Identification of potentially invasive freshwater fishes, including translocated species, in Turkey using the Aquatic Species Invasiveness Screening Kit (AS-ISK)

TARKAN A. S., Vilizzi L., Top N., EKMEKÇİ F. G., Stebbing P. D., Copp G. H.

INTERNATIONAL REVIEW OF HYDROBIOLOGY, vol.102, pp.47-56, 2017 (SCI-Expanded) identifier identifier

  • Publication Type: Article / Article
  • Volume: 102
  • Publication Date: 2017
  • Doi Number: 10.1002/iroh.201601877
  • Journal Indexes: Science Citation Index Expanded (SCI-EXPANDED), Scopus
  • Page Numbers: pp.47-56
  • Keywords: Anatolia, FISK, introduced species, non-indigenous, non-native, Thrace, NONNATIVE FISHES, 1ST APPLICATION, FISK, TOOL, BIOLOGY, SPREAD
  • Hacettepe University Affiliated: Yes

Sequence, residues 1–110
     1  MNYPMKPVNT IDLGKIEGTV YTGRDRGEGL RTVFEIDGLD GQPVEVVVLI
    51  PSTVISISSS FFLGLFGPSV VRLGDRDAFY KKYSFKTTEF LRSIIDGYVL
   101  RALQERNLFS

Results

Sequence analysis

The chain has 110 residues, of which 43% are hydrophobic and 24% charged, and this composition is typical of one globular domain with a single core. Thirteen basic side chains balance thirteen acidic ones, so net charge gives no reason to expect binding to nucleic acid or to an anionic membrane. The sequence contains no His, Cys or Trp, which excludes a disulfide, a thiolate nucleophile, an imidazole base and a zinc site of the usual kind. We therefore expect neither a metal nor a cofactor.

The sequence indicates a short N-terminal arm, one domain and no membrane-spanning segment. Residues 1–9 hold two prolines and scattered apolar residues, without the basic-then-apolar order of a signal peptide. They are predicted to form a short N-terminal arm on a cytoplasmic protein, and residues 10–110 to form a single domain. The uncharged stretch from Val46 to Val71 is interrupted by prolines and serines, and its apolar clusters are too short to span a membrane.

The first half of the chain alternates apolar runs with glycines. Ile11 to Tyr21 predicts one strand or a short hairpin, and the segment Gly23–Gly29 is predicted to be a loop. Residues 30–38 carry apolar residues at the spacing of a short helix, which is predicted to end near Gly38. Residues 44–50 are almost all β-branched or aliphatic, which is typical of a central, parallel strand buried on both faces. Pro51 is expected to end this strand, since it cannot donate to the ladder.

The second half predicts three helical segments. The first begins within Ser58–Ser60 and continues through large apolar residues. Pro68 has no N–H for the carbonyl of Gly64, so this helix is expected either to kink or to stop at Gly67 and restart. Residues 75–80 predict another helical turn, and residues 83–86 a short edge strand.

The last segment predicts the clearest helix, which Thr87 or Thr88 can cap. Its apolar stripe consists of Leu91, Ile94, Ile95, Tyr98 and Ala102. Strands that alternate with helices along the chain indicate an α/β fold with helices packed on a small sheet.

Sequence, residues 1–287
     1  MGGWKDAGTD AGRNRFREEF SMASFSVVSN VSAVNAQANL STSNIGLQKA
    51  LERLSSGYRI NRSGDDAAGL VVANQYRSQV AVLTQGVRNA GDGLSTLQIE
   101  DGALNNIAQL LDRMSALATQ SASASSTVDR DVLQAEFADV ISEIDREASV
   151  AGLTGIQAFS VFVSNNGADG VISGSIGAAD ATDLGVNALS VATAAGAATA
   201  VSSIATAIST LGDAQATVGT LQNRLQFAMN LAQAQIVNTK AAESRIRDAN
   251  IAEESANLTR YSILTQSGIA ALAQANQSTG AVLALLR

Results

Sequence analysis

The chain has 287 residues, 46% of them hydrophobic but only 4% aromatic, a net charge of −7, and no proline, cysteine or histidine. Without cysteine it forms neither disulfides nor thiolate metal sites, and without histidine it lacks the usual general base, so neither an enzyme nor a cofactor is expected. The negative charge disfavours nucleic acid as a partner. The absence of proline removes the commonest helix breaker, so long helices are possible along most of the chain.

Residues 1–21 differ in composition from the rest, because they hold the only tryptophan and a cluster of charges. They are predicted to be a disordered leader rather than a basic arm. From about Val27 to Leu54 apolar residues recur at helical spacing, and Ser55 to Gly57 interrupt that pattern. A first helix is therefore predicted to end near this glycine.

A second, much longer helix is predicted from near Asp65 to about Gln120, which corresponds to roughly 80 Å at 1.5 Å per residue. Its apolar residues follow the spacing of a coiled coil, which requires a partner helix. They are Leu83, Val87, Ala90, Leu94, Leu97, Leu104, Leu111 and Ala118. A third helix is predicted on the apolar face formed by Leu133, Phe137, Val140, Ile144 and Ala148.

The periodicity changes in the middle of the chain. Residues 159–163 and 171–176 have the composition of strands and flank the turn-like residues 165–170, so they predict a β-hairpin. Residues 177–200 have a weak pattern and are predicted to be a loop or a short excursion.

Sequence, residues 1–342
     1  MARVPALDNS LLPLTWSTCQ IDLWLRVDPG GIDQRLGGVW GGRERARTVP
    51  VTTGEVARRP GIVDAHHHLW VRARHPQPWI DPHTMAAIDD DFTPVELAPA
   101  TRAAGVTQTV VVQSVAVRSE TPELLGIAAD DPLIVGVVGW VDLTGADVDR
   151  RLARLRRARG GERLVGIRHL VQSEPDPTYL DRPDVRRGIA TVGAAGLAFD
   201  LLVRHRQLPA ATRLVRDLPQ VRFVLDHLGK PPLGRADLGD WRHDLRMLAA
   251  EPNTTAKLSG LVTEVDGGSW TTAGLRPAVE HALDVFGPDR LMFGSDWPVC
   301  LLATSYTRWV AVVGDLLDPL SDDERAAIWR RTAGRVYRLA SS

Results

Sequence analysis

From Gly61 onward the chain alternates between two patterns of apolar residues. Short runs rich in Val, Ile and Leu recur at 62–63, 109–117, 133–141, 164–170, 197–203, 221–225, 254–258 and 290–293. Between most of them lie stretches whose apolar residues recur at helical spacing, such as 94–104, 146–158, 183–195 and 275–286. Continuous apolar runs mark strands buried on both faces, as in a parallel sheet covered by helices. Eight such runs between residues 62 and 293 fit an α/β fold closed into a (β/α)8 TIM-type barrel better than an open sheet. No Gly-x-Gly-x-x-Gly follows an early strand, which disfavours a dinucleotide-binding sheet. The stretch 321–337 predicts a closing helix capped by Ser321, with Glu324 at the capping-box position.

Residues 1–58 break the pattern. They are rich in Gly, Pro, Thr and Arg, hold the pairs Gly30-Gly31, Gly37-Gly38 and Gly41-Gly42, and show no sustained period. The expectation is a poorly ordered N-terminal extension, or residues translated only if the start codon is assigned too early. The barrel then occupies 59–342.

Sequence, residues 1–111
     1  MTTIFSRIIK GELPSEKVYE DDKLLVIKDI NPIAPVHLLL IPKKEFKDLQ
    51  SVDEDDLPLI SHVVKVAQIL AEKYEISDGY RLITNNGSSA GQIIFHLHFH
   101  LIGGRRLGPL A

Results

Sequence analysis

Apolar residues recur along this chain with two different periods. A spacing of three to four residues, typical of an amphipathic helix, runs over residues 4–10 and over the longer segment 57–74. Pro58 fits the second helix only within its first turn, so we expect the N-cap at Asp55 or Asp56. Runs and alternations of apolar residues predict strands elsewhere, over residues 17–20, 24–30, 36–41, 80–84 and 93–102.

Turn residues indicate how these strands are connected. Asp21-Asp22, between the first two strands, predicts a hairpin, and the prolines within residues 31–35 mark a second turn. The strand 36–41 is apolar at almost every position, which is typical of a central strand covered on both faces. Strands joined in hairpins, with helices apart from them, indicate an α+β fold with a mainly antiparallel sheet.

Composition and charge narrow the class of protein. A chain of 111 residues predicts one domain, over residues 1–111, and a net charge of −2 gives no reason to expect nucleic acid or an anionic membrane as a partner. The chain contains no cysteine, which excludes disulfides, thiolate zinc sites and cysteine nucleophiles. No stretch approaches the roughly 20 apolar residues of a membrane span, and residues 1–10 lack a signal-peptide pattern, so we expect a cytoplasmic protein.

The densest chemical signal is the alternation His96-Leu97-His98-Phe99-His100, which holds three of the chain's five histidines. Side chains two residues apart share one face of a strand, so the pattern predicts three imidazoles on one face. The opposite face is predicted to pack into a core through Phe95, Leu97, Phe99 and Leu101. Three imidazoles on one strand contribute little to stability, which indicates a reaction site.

Screening tools are being increasingly used to identify more effectively non-native species that pose an elevated risk of being invasive. Of the available decision-support tools, the Fish Invasiveness Screening Kit (FISK) has been widely used, but has recently been replaced by a generic screening tool, the Aquatic Species Invasiveness Screening Kit (AS-ISK), which is applicable to any aquatic species and complies with the minimum requirements for risk tools under the new EC alien invasive species Regulation. With its unique zoogeography and rich native fauna, Turkey is highly susceptible to non-native species' introductions and translocations. In order to inform non-native species policy and management regarding fishes in Turkey, AS-ISK was used to re-assess species previously screened using FISK and to assess additional non-native and translocated fish species. In this first calibration study of AS-ISK for Turkey, a basic score threshold of 28 was achieved, which reliably distinguished between potentially invasive (high risk) and potentially non-invasive (medium to low risk) fishes. Of the 64 species assessed, only one was ranked as 'low risk', 40 were categorised as 'medium risk', and the remaining 23 as 'high risk' of which five were translocated. Non-native species currently not present in Turkey, but that pose a high risk of being invasive, were Ameiurus melas, Ameiurus nebulosus, Hemiculter leucisculus, Hypophthalmichthys molitrix, Micropterus salmoides, Perccottus glenii, Pimephales promelas; whereas, the highest scoring translocated species were Cyprinus carpio, Esox lucius and Silurus glanis. When the potential effects of climate change on the assessments were considered, risk scores increased for some (sub) tropical fishes of which two are translocated species.